We have seen many cases where an insurer first accepts an income protection claim, but after a period of paying the person, the insurer makes further investigations and decides to stop paying the benefits. The reasons for stopping payments can be many and varied. The question is, what can you do if the insurer stops paying your income protection benefits?
What is income protection insurance?
Income protection policies usually provide you with a monthly benefit if you cannot work for a period due to illness or injury. Depending on the policy you have, those benefits can be payable for 2 years, 5 years, til age 65 and sometimes (but rarely) for the rest of your life.
What reasons might an insurer terminate payment of income protection benefits?
There are many and varied reasons the insurer may stop paying your income protection benefits. Some common reasons we’ve seen are:
- The person wasn’t regularly attending their doctor;
- The insurer no longer believes that the person is unable to work due to their medical condition;
- The insurer believes that the person didn’t disclose certain medical conditions which existed when the policy was applied for (non-disclosure).
To make these decisions, the insurer may ask that you attend a medical appointment with a consultant doctor (an independent medical examination (IME) or medicolegal appointment). They might also ask your treating doctor for detailed reports about your past, current and future medical treatment.
Get help if your income protection benefits are terminated
We have assisted many people in each of the above situations. If an insurer has used any of the above reasons to stop paying you your income protection benefits, or they are asking that you attend medical appointments or requesting extra reports or documents from your doctors, you should get some legal advice to discuss your options.
If you require assistance or advice about anything to do with your income protection claim, call 03 9448 8048 for free advice.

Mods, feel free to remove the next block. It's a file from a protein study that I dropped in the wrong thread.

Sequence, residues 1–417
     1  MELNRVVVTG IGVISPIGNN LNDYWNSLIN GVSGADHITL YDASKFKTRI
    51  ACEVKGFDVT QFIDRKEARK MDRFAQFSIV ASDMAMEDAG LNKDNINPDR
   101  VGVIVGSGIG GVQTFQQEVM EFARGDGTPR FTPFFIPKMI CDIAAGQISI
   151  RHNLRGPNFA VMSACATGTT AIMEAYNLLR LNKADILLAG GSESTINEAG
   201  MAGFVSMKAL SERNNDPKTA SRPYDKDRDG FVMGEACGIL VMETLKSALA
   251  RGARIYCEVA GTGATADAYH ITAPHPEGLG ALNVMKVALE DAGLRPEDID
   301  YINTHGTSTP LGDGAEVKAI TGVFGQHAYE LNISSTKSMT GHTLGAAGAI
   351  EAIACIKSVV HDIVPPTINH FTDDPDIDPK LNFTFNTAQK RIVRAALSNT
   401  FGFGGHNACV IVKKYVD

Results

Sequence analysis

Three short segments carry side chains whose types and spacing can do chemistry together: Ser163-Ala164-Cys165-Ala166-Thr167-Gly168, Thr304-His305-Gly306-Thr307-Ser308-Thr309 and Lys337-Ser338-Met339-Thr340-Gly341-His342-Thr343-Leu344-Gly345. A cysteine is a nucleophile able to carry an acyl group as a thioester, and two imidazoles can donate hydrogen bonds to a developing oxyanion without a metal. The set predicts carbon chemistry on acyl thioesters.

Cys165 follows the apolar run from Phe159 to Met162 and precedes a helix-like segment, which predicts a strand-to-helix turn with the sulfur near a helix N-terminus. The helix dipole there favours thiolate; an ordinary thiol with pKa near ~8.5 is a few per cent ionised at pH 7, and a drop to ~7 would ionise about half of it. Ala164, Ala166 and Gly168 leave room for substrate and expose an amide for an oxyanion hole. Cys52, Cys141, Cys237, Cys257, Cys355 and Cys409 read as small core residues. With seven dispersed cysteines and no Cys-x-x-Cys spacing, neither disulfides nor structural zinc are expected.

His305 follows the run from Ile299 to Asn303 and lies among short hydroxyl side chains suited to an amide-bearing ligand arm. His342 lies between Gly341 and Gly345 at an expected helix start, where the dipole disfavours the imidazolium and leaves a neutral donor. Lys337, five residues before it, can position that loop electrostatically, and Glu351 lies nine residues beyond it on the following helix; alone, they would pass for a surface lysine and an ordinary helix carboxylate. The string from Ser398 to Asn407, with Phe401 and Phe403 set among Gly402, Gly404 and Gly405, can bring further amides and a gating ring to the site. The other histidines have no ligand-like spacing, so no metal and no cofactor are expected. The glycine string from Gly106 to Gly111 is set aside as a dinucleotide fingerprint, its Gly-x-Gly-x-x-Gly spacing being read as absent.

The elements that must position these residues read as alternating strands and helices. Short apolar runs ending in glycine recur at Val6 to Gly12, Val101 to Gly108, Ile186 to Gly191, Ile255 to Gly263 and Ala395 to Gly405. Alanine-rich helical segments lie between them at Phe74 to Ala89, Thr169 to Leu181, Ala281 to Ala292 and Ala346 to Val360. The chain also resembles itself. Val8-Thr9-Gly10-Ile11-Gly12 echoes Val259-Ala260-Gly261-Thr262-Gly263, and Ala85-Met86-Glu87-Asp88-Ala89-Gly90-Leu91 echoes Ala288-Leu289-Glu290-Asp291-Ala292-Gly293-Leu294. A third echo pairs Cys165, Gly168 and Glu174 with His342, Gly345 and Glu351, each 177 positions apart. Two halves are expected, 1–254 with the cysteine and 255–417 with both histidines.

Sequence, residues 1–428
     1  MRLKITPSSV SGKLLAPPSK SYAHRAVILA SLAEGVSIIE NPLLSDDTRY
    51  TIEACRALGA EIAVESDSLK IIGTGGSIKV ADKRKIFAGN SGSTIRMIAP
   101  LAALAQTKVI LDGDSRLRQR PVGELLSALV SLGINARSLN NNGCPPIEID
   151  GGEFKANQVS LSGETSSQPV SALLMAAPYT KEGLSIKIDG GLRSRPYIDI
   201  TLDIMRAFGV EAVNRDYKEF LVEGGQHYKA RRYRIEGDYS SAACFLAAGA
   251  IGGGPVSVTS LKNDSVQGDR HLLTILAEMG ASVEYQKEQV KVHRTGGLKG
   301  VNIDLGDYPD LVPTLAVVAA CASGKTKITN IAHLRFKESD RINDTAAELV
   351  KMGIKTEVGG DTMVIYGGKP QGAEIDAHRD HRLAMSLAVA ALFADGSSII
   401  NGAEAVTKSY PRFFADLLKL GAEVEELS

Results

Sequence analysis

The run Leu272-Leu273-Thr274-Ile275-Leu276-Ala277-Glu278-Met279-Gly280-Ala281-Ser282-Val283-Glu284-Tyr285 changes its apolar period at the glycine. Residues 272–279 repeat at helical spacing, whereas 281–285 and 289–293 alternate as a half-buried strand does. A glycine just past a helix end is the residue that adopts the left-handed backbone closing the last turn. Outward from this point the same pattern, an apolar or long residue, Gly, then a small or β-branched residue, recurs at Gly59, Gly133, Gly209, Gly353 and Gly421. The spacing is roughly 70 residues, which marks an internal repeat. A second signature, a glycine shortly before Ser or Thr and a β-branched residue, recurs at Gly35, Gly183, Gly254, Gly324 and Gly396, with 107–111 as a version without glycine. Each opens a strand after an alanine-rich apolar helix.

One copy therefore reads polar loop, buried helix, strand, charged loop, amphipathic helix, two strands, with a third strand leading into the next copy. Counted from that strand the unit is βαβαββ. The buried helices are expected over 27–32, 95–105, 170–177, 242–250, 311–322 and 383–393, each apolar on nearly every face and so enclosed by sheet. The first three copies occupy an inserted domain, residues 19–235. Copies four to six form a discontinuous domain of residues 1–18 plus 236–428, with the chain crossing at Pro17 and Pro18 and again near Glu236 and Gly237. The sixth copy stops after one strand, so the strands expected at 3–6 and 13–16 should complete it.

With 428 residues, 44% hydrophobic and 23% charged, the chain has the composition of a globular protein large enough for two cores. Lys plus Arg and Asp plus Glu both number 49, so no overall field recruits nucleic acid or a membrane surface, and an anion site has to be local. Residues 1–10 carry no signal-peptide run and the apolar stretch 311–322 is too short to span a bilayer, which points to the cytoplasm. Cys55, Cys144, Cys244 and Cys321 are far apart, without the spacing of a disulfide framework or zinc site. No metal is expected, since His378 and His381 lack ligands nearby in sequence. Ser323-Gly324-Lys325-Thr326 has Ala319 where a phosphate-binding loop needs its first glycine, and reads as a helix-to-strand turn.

The issues above can be complex depending on your situation. In particular, non-disclosure cases are very “fact dependant" and there are small things that you might say to an insurer that could greatly affect your case. So, if an insurer is investigating non-disclosure (it may be that they are making these investigations if they are now asking about your medical history prior to the date your policy started) seek legal advice as soon as possible.
We can work out whether you have a case in an efficient and simple way, so you won’t have to provide us with enormous volumes of documents. In many cases, we can understand your case via a simple phone call.
When we act for people (and we only ever represent individuals, never the insurance company), we handle all communications with the insurer so you won’t have to worry about that anymore.
Free advice and no upfront fees
We conduct all of our investigations for free. If you have a claim, we will act for you on a no win, no fee basis.
If you would like more advice on the matters outlined in this article, please get in touch directly with today’s blog writer, superannuation and insurance lawyer Paul Watson.
Melbourne: 03 9448 8048
Brisbane: 07 3013 4300
Anywhere else in Australia: 03 9448 8048
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